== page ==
Product overview: Peppers

Timut - the "grapefruit pepper"

es the same numbing sensation on the tongue. Its dried and crushed shells (rather than the berries) are consumed, and they give off a fantastically powerful and slightly pungent aroma. With top notes of lemon and grapefruit, the timut pepper is perfect in broth or in preparing shellfish, fish, duck, veal liver and chocolate desserts.

Found on the foothills of the Himalayas in northern Nepal, the Timut pepper belongs to the same family as the Sichuan pepper and provid Surprising for its unique and incomparable fragrance, Timut is THE rare flavor of the moment in the kitchens of the grand chefs. Similar in form to the Sichuan pepper, only smaller and darker, the timut's citrous scent is intense and its grapefruit perfume intoxicating. Amazingly, the pepper is 100% natural and has not undergone any treatment or flavoring.


Pepper Timut Nepal agrees very well with shellfish, fish, and duck - not to mention chocolate desserts. Try Timut pepper on lobster or coquille Saint- Jacques. A true delight - with lobster sublime.

Timut pepper must be ground before use. You can put it in your usual grinder or crush it in a mortar. Unlike the Tasmanian or rose peppers, which are softer and more pliable, the Timut pepper is coarse enough to pass through a mill.

For true fans, we also offer a fabulous "grapefruit pepper" syrup made from the Timut pepper, a real treat that lets your imagination run wild in an easy to use format: on ice cream, fruit salad, to carmelize meat or fish, to deglaze a pot or even in cocktails.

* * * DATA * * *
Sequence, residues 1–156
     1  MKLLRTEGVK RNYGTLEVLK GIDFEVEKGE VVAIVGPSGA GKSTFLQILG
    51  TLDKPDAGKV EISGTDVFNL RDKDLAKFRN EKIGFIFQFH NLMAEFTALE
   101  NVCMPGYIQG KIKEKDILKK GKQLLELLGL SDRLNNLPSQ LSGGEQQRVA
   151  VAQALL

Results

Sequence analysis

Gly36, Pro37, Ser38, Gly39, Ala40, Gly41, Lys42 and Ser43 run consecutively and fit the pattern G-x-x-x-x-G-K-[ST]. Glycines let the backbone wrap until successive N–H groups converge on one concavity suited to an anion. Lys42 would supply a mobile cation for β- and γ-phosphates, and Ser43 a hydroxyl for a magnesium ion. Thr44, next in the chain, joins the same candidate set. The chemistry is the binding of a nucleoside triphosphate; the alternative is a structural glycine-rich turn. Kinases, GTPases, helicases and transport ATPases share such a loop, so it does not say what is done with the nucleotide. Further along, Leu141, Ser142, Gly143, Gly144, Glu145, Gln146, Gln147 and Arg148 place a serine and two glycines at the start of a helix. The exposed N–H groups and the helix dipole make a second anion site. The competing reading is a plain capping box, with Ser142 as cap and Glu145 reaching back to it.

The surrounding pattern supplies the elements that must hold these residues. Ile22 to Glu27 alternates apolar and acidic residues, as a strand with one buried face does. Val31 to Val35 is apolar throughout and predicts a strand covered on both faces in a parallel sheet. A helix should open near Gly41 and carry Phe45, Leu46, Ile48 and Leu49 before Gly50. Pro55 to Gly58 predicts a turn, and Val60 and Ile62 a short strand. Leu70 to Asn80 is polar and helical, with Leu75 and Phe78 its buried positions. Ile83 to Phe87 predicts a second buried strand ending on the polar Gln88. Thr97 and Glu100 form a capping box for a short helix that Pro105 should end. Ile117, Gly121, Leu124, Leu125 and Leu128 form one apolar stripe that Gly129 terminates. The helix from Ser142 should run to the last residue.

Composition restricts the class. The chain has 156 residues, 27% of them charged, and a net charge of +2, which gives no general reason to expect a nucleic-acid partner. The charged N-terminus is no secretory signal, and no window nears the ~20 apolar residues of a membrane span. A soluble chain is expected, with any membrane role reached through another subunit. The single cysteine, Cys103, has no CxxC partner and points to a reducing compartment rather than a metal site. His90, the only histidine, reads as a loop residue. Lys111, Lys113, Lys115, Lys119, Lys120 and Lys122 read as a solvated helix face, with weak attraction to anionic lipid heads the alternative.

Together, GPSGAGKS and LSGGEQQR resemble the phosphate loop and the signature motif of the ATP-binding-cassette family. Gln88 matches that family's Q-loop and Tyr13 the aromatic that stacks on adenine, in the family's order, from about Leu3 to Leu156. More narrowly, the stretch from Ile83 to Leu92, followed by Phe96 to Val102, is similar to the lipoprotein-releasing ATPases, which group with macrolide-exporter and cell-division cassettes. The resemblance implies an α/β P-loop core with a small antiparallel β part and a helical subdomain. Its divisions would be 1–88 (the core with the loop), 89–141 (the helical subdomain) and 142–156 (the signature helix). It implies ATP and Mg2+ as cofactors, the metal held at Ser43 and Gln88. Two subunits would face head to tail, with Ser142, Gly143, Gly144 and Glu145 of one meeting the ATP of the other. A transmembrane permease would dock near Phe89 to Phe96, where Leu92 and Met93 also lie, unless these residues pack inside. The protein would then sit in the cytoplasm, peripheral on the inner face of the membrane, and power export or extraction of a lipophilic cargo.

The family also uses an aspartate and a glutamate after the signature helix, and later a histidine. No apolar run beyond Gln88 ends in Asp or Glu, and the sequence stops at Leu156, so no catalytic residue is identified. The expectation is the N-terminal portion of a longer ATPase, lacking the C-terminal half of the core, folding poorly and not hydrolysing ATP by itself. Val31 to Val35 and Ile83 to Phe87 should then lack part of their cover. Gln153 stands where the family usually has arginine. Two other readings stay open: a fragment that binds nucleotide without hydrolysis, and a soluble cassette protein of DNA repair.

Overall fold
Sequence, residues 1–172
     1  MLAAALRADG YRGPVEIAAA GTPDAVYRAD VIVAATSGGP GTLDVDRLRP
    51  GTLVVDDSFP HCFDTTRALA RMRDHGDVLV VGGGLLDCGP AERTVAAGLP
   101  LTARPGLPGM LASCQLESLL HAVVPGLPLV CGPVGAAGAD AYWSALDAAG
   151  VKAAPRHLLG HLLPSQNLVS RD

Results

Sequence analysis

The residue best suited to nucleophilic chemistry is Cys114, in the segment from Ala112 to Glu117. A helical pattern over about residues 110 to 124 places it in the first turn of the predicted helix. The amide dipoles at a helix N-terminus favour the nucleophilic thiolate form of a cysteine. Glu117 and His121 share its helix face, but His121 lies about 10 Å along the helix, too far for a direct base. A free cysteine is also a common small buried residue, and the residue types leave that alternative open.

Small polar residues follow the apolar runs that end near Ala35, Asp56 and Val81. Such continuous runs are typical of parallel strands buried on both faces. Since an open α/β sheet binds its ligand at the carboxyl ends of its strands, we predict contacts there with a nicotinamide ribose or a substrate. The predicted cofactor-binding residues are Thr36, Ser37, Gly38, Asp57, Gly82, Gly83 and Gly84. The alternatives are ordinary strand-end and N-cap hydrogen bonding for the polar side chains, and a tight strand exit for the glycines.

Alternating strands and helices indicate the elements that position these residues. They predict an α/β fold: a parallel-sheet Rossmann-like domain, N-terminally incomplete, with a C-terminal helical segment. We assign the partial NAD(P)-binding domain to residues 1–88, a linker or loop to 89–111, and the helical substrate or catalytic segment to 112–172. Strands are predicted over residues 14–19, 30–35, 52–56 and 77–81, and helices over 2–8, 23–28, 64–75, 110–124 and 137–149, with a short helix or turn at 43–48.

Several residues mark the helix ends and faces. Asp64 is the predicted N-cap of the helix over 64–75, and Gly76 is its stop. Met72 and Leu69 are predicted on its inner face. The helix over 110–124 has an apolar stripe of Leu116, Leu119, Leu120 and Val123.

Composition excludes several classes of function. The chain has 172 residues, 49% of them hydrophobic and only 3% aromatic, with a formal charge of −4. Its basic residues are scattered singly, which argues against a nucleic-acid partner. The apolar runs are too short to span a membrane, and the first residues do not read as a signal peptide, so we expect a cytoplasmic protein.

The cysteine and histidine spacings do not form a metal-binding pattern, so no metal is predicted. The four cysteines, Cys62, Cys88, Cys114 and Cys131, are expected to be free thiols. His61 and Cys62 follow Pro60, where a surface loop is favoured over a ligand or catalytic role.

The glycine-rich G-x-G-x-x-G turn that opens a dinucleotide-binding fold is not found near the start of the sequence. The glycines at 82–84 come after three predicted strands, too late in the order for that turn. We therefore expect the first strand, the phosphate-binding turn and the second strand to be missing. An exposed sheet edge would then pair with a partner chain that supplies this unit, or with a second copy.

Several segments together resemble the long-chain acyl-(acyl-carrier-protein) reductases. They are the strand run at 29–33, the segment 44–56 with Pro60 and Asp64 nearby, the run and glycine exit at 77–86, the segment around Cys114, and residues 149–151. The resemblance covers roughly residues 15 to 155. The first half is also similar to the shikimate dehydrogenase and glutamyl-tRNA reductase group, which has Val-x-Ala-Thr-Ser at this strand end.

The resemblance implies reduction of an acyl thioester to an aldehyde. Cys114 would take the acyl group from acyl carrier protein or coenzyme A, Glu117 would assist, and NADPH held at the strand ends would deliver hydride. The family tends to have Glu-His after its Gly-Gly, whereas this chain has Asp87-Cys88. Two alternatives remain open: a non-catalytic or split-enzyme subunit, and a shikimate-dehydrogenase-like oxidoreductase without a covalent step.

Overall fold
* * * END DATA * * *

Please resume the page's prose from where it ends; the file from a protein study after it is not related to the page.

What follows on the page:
Poached quince pepper Timur Nepal, gingerbread croutons

• 4 quinces • 300 g sugar • 1 liter water • 2 g pepper Timur Nepal • 1 half lemon • 250g Gingerbread • 250 g lemon sorbet Menton • 60 g butter salty. Quince syrup: peel them, then the lemon. Cook (poach) for 1 hour over medium heat in a saucepan with a liter of water, sugar and pepper Timur Nepal. Once the quinces are soft and flexible, let them roast in the oven for 1:15 at 160°C, topped with syrup.
Gingerbread: cut gingerbread, slice into cubes and fry them in a skillet over low heat for 3 to 4 min, with a little salted butter until that they take on a golden color. Finishing: drop the cooled quince on a plate with gingerbread croutons and serve with a lemon sorbet Menton.

Cubebe Pepper

Origin and Description

Already used as a remedy in ancient China, Cubebe, "the pepper with a tail," arrived in the West through Arab traders. Its use continued until the late seventeenth century when its sale was banned by the king of Portugal to promote the black pepper trade. In the nineteenth century, cubebe could virtually not be found in Europe. It is grown widely in Indonesia and Sri Lanka.

The tailed berries of the cubebe pepper (Piper cubeba) are the immature fruits of a plant from the pepper family found in the Indonesian islands. Its name derives from its appearance - the English botanist John Parkinson described cubebe peppers as "relatively small sweet berries, the size of peppercorns but rougher or less streaked and black, each ending with an appendage resembling a tail (or queue)." It is a climbing perennial plant and covered with pointed leaves and bearing small white flowers in spikes. The fruits are harvested unripe and then dried in the sun, becoming dark brown.


The "tailed-pepper" has a warm aroma evoking menthol. It has an aromatic, slightly bitter flavor, closer to allspice than black pepper. In Arab countries, Cubebe is traditionally a component of spice mixtures. Many Indonesian dishes incorporate whole berries. Formerly known to reduce phlegm, it is found in various pharmaceutical preparations to relieve respiratory disorders and has antiseptic properties.

Ground cubebe pepper is an exciting replacement for ground black pepper, and may also be used whole.